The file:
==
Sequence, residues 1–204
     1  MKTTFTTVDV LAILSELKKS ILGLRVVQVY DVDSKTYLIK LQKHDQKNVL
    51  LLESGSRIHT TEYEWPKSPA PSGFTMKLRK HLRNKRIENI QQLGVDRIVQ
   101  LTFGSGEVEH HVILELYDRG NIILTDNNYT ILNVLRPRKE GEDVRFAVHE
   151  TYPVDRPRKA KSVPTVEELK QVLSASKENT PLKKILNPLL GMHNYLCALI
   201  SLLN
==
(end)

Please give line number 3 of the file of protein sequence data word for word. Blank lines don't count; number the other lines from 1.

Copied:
    51  LLESGSRIHT TEYEWPKSPA PSGFTMKLRK HLRNKRIENI QQLGVDRIVQ